The St. Jones River: Why the Mansion Faces South
The St. Jones River, a major Delaware navigable waterway, is situated south of the John Dickinson Plantation. The river connects the Delaware Bay to the inland city of Dover. Between 1760 and 1808, John Dickinson owned six farms that bordered the north shores of the St. Jones River. These farms were approximately six miles from Dover. The river was the main source of transportation used by John Dickinson, his family, and tenants.
The mansion was situated just 300 yards north of the river. Early property descriptions note, "The Creek is navigable for Shallops, some miles above the Farms and affords at least six convenient Landings on the premises."
Shallops, small open boats used in shallow waters, carried grain and other agricultural products from Dickinson's landings along the river to northern ports including Wilmington and Philadelphia.
The St. Jones River helped supplement the diet of the people on Jones Neck. Residents included landowners, indentured servants, tenants, free and enslaved individuals.
In 1764, a newspaper advertisement leasing the property noted "... great Conveniency for fishing and Oystering..."
Location. 39° 6.045′ N, 75° 26.9′ W. Marker is in Dover, Delaware, in Kent County. Marker can be reached from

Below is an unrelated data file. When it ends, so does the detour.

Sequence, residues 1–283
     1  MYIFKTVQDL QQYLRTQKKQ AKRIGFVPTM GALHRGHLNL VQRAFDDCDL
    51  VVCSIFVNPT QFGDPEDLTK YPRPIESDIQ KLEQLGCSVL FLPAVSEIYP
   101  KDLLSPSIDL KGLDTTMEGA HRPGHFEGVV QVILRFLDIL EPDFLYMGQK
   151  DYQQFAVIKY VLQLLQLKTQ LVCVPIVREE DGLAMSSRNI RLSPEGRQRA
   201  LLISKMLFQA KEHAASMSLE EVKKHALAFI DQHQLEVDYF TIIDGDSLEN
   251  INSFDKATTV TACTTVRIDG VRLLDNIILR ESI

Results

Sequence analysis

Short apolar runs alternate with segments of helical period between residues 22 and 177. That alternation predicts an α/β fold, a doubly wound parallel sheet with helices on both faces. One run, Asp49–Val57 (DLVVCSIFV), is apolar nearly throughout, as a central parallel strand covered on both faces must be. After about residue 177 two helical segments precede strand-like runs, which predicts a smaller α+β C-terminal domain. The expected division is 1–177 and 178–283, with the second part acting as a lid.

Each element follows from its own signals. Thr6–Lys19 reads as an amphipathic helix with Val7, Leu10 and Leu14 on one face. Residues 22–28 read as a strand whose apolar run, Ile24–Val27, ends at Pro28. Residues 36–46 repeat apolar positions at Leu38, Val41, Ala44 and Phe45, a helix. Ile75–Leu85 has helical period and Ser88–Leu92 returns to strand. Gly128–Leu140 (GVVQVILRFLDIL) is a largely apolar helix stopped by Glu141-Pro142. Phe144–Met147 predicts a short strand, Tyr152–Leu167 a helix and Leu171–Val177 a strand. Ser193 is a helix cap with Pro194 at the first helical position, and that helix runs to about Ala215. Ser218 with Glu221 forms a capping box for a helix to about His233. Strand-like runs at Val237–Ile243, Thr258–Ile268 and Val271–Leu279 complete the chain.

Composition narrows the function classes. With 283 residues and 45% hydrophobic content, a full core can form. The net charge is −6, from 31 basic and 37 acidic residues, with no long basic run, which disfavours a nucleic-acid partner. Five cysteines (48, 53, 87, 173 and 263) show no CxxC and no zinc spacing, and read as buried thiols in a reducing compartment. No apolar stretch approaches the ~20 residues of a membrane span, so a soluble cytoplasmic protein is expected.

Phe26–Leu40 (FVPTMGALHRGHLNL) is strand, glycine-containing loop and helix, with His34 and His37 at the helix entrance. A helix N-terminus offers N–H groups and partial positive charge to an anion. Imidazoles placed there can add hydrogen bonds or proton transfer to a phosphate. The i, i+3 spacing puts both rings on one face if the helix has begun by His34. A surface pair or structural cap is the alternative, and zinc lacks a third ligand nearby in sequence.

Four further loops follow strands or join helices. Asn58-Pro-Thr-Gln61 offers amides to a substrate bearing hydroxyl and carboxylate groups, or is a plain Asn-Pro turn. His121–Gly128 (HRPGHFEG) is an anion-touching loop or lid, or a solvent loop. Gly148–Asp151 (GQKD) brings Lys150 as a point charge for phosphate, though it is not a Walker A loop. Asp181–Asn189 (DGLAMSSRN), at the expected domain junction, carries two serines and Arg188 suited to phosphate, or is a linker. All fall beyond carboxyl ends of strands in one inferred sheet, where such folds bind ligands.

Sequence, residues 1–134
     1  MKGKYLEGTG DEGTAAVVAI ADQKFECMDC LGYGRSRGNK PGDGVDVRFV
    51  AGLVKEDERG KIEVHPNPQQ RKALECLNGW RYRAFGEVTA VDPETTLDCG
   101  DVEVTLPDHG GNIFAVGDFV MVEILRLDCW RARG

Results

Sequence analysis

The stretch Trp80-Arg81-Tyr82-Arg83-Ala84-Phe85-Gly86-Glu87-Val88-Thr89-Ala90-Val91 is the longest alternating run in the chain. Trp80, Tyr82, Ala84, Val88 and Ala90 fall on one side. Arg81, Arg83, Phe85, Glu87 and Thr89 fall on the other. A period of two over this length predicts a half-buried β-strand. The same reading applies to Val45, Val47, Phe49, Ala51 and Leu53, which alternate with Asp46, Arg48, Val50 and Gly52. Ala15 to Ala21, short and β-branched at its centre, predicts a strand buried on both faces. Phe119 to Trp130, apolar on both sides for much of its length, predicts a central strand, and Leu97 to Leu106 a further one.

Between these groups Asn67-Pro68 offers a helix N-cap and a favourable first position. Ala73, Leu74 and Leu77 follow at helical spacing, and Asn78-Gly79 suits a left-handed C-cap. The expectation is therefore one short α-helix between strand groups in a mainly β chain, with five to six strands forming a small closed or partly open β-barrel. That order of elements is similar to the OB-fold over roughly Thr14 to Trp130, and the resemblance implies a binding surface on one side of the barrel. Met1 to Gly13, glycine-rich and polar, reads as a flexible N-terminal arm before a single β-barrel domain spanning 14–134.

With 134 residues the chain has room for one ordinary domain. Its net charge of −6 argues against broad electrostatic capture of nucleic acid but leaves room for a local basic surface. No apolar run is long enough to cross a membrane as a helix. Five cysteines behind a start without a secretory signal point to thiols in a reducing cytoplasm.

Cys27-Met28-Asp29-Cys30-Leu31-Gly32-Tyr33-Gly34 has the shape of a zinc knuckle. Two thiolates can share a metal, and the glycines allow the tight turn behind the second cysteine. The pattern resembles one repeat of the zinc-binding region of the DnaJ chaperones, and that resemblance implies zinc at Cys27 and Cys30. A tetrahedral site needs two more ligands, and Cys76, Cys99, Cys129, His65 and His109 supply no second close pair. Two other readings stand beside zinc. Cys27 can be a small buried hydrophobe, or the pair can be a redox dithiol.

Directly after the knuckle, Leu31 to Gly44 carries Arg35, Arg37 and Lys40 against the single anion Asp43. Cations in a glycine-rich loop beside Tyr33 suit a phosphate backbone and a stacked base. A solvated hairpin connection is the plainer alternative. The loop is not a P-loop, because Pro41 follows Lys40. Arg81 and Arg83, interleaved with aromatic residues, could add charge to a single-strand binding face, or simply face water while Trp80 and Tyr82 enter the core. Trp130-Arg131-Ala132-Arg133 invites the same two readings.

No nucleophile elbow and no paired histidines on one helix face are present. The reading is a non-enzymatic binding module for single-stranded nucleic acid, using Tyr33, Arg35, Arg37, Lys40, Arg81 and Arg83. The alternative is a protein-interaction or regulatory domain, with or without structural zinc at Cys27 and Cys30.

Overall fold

Other nearby markers. At least 8 other markers are within 3 miles of this marker, measured as the crow flies. Home of John Dickinson (approx. ¼ mile away); St. Jones Neck (approx. 0.4 miles away); Byfield (approx. 1.2 miles away); Commemoration Park (approx. 1.3 miles away); T-33A Shooting Star (approx. 1.3 miles away); Hangar 1301 (approx. 1.3 miles away); Warner Mifflin (approx. 2.4 miles away); Murderkill/Motherkiln Friends Meeting (approx. 2.4 miles away). Touch for a list and map of all markers in Dover.
Categories. • Agriculture • Colonial Era • Horticulture & Forestry • Settlements & Settlers •
Credits. This page was last revised on June 16, 2016. This page originally submitted on November 26, 2014, by Nate Davidson of Salisbury, Maryland. This page has been viewed 272 times since then. Photos: 1, 2, 3. submitted on November 26, 2014, by Nate Davidson of Salisbury, Maryland. • Bill Pfingsten was the editor who published this page.